Accordingly, we REVERSE and REMAND to the district court for proceedings consistent with this opinion.


Section 202(e)(1) of the Social Security Act (42 U.S.C. Sec. 402(e)(1) (1976)), relating to the payment of widow's insurance benefits provides in pertinent part:

"(1) The widow (as defined in section 216(c)) [see n. 3] ... of an individual who died a fully insured individual, if such widow ...

(A) is not married

(B)(i) has attained age 60, or ...

(C)(i) has filed application for widow's insurance benefits ..., and

(D) is not entitled to old-age insurance benefits

* * *

shall be entitled to a widow's insurance benefit ..."


Judicial review is available pursuant to the provisions of 42 U.S.C. Sec. 405(g) (1976)


42 U.S.C. Sec. 416(h)(1) (1976) provides:

(A) An applicant is the wife [or] widow ... of a fully insured individual for purposes of this title if the courts of the State in which such insured individual is domiciled at the time such applicant files an application, or, if such insured individual is dead, the courts of the State in which he was domiciled at the time of death, ... would find that such applicant and such insured individual were validly married at the time such applicant files such application or, if such insured individual is dead, at the time he died. If such courts would not find that such applicant and such insured individual were validly married at such time, such application shall, nevertheless be deemed to be the wife [or widow], ... as the case may be, of such insured individual if such applicant would, under the laws applied by such courts in determining the devolution of intestate personal property, have the same status with respect to the taking of such property as a wife [or] widow ... of such insured individual.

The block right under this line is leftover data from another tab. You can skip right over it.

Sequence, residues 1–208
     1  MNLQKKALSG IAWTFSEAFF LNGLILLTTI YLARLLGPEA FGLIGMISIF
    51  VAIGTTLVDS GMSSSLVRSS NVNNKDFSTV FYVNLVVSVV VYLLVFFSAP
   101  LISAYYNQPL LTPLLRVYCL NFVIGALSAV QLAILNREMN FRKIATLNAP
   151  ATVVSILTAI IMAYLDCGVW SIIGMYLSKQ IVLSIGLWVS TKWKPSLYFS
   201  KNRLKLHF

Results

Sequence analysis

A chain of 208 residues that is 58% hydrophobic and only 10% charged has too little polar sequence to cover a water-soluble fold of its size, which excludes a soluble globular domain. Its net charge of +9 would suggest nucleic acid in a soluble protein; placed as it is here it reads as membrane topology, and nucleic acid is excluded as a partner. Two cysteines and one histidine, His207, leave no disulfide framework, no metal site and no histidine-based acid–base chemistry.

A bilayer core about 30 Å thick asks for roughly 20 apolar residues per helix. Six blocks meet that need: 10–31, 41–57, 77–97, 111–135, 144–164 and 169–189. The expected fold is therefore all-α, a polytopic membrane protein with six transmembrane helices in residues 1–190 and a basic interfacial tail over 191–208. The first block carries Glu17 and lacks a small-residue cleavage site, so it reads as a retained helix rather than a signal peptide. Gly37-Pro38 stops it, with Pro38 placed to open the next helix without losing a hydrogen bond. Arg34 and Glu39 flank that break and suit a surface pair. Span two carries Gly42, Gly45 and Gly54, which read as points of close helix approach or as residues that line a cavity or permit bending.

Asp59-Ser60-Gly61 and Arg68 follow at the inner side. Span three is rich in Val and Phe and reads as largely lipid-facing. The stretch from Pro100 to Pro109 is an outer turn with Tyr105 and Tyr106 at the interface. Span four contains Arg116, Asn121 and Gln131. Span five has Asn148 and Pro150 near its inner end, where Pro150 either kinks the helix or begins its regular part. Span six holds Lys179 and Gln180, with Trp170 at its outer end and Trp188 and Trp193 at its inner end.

In a summary of Florida law on this point, 25 Fla.Jur.2d Family Law Sec. 47 states:

As to the validity of a subsequent as against a previous marriage of the same person, the second or subsequent marriage is presumed to be valid. Such presumption is stronger than, and overcomes or rebuts, the presumption of the continuance of the previous marriage, and the burden of proving the continuance of the previous marriage and the invalidity of the second marriage is on the party attacking the validity of the subsequent marriage. In other words, the presumption of the continuance of a previous marriage in itself is not equal in probative force to the presumption of the validity of the subsequent marriage. Thus, it is presumed, in favor of the validity of the subsequent marriage, that the previous marriage has been dissolved by death or legal action. (Citations omitted).

See also, In re Hind's Estate, 135 So.2d 13, 15 (Fla.Dist.Ct.App.1961), where the court stated with respect to a wife's two common law marriages,